Release Date: June 15, 2005
BUFFALO, N.Y. -- The streams of Western New York are a workshop this summer for biologists, ecologists, engineers and environmental planners who want to learn techniques for restoring inland waterways to their natural state.
The Great Lakes Program at the University at Buffalo is offering two "Stream Restoration and Design" workshops, taught by instructors from UB, the U.S. Army Corps of Engineers, The Nature Conservancy and Ecology and Environment, Inc.
The workshop "Riverine Ecosystem Restoration," will be held June 27 through July 1, and will provide an overview of natural stream restoration techniques. It will focus on the physical makeup of riverine ecosystems, including analysis of sediment transport, vegetation, hydraulics and fluvial geomorphology -- how land is formed by running water.
"Innovative Bioengineering Methods and Planting Techniques to Enhance Streams and Riparian Areas," will be held July 11 through July 15 and will focus on understanding native plant communities and invasive exotics, with instruction in bioengineering planting methods and demonstrations.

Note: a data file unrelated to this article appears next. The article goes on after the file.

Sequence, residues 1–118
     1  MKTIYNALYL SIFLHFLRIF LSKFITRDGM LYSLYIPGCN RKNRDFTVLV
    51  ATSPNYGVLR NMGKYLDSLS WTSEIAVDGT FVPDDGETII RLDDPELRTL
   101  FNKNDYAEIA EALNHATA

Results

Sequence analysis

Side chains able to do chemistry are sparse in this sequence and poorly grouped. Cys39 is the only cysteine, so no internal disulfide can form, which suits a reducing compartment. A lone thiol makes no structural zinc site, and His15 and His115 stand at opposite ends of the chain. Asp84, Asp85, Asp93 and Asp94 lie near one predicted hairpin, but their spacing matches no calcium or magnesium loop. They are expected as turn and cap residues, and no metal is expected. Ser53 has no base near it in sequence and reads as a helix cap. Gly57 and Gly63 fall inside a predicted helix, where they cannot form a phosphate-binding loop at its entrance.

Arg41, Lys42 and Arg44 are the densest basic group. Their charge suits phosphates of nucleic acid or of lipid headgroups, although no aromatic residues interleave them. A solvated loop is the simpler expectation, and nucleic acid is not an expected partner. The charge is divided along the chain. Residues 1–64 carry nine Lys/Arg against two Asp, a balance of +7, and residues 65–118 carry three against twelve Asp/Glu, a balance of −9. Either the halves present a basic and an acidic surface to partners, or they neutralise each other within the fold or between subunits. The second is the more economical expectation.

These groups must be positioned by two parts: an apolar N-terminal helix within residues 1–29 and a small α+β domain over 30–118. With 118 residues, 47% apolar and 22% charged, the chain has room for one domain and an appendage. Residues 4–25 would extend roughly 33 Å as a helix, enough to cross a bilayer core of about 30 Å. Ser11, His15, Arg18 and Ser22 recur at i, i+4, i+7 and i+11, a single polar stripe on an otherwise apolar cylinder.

The workshops will be held from 8 a.m. to 5 p.m. in 414 Bonner Hall on UB's North Campus and at five stream-restoration sites throughout the area. Cost is $1,250 per workshop or $2,000 for two workshops. Participants can earn continuing education credits for Professional Engineer licensure requirements. To register, go to http://www.eng.buffalo.edu/glp/events/summer2005.htm or call 645-2768, ext. 1106.
"The workshops will focus on how engineering techniques can be used to replicate the way nature restores and preserves its streams," says workshops coordinator Joseph Atkinson, Ph.D., director of UB's Great Lakes Program. "The idea is to bring perturbed water systems back to their natural state."
According to Atkinson, UB's Department of Civil, Structural and Environmental Engineering soon may develop a graduate-level program in stream restoration.
Western New York is an ideal area to focus on stream restoration, according to workshop instructor Dave Derrick, a research hydraulic engineer at the U.S. Army Corps of Engineers Research and Development Center in Vicksburg, Miss.
"This area has great varieties of waters and wetlands, but many are not functioning properly and need anywhere from some rehabilitation to complete restoration of the stream and riparian corridor," he says.